Thursday, Day 311: Chicken noodle soup and bagels

chicken-noodle-soup-and-bagelsWho doesn’t love a bagel with cream cheese?

My husband made a real chicken noodle soup and a faux chicken noodle soup (using vegetarian chicken-style stock for our girl back home from camp) and we had a old-fashioned family style dinner together.

Friday, Day 312: Pasta Napoli

pasta napoli.pngMy kids will eat almost anything so long as it is hidden in pasta. Even our eldest, who ‘don’ like vegetarian food’ will happily scoff two bowls of vegetarian pasta so long as it has enough parmesan cheese on it.

Hehehe…the perfect crime.

So that’s it – a week of different but easy meals, some cooked by me, some cooked by my fella, most of which won’t be posted recipes because I have either posted them before or because y’all ready know how to make pasta with tomato sauce – and if you don’t, I am sure there are better recipes than mine out there on the interwebs.

Day 306, October 8 2016

Un-satay Chicken Wings

I may have mentioned we have a lot of allergies in our family: just in the immediate family we are allergic to tree nuts, peanuts, chickpeas, coconut, mango and sesame seeds. In our wider extended family (both sides) we have further allergies to tree nuts, peanuts, vinegar, gluten, eggs, dairy, latex, and probably some others I have forgotten to mention. It’s lucky we are all still around, quite frankly.

When we were at the Royal Adelaide Show a while ago, we discovered a product called  WOW Butter, a product made of roasted and ground soy beans made to taste pretty much like peanut butter. My kids were so excited, of course I had to buy some. Even if you aren’t allergic to peanuts, chances are your kids go to a nut-free school and this might be useful to you if your kids are missing peanut butter at school.

Anyway, my family has never eaten satay chicken, so I decided to invent some using WOW Butter. This does not really fall into the ‘cheap eats’ category, given WOW Butter costs $15 a jar, retail (*choke*) and I would not really recommend eating a lot of it as it is still pretty high in fat and salt. But the meat-eaters in the family got a kick out of it, and if you have a family like mine that swells up walking past the nut stand at the markets – it might be worth giving it a crack.


1 kg chicken wings, jointed

1/2 teaspoon each crushed ginger and garlic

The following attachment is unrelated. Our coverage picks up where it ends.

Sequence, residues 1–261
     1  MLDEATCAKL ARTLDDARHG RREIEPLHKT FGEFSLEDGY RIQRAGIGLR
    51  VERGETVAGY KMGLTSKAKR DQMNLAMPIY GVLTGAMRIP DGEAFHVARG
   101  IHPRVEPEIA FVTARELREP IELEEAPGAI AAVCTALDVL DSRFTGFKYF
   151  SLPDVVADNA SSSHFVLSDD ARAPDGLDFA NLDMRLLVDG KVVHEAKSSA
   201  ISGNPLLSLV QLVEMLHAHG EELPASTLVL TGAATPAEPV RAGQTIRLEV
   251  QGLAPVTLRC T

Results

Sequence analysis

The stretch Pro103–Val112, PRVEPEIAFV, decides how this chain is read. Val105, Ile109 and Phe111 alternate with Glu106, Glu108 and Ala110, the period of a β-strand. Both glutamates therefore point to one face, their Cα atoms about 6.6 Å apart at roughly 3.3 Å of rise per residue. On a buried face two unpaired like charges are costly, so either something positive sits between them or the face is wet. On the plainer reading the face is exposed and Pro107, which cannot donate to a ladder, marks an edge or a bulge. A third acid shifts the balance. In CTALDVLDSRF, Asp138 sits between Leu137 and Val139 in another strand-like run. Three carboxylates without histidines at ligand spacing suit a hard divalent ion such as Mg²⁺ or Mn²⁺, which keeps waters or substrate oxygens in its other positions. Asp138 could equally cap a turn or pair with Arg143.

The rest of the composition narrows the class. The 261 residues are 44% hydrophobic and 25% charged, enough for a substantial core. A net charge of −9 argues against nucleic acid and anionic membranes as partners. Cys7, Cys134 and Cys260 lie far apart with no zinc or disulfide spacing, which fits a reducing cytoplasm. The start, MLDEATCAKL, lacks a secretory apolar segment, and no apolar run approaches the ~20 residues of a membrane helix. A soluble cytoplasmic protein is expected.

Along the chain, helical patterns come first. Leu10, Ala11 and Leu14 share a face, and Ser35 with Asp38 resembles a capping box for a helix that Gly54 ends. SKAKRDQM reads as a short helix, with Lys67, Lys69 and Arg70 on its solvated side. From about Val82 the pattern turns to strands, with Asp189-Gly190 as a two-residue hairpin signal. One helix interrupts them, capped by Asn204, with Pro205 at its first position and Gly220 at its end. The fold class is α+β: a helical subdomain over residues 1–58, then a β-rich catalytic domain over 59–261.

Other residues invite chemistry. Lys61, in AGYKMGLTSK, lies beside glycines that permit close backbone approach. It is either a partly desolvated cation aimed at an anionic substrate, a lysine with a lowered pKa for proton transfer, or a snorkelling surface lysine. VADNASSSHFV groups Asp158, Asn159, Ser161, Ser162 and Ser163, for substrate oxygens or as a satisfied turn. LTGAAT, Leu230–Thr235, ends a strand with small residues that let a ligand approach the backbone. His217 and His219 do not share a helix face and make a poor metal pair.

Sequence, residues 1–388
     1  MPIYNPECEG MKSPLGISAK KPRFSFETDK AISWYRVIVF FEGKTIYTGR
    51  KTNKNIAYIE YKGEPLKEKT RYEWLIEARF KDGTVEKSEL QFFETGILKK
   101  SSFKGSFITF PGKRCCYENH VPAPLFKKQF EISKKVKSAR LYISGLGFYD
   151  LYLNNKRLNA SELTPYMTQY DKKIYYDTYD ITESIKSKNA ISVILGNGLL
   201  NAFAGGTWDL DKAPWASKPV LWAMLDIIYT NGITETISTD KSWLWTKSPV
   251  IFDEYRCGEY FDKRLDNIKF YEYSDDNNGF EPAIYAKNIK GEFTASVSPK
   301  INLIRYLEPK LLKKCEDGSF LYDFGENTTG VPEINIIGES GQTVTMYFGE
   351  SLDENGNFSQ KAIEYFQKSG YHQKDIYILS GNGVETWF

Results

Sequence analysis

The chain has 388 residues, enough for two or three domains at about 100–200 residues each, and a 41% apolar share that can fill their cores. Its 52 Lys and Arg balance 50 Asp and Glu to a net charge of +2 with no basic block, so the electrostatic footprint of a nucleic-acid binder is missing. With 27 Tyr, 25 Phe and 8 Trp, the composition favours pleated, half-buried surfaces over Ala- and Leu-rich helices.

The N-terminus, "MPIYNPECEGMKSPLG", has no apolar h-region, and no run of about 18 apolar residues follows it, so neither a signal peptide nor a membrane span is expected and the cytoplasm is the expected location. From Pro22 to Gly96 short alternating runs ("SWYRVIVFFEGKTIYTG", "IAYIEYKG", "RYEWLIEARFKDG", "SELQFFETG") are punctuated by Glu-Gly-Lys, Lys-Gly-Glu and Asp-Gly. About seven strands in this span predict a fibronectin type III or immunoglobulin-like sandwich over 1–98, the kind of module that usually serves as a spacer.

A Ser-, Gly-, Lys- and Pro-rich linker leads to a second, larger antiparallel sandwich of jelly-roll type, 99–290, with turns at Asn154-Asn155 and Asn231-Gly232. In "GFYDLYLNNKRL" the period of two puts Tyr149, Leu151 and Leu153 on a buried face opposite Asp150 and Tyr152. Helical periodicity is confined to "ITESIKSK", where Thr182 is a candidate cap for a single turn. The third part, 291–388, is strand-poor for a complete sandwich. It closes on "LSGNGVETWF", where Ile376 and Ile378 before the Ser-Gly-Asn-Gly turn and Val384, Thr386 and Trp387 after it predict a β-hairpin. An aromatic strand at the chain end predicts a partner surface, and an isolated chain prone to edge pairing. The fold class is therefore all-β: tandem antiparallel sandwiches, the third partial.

1 tablespoon extra virgin olive oil

2 tablespoons maple syrup or honey

1/2 cup WOW Butter (roasted soy nut butter)

3 tablespoons soy sauce

3 tablespoons water

Combine everything except the chicken wings in a bowl and mix well until it forms a saucy consistency.

Place the wings into the bowl of a slow cooker.

Tip the sauce over the wings, and mix well.

Turn the slow cooker to ‘2’ and cook for five hours. Serve with rice or noodles, or oddly as we did, with potato wedges.

We use a gluten-free soy sauce (Fountain brand) so this was a GF and nut-free dish for all you fellow allergenic people out there.

As I said, this was not made to be a cheap dish so I am not posting the prices because the cost of the WOW Butter blows this out of the water. Ouchies.

Meal plans Weeks 40-41, October 8-21 2016

With our little vego at camp for one of these weeks, we took it easy on the vegetarian cooking front and also took the opportunity to take our eldest out to dinner at her favourite sushi place.

Week 40, October 8-14 2016

Saturday: Un-satay chicken wings, potato wedges, salad

Sunday: Roast chicken and veg

Monday: Beef stew and mash

Tuesday: Sushi train

Wednesday Worst Day: Thai chicken curry, rice, vegetables

Thursday: Chicken noodle soup and bagels

Friday: Pasta Napoli (vegetarian)

Week 41, October 15-21

Saturday: Tandoori chicken (non-vegetarian) and brown rice pilaf (vegetarian)

Sunday: Tandoori chicken (non-vegetarian) and brown rice pilaf (vegetarian)

Monday: Dinner at my parents’ (bless ’em)

Tuesday: Beef casserole, mash, steamed asparagus

Wednesday Worst Day: BLTs/ELTs

Thursday: Homemade pizza (vegetarian and non-vegetarian)

Friday: Green chicken curry and rice, with green beans and cauliflower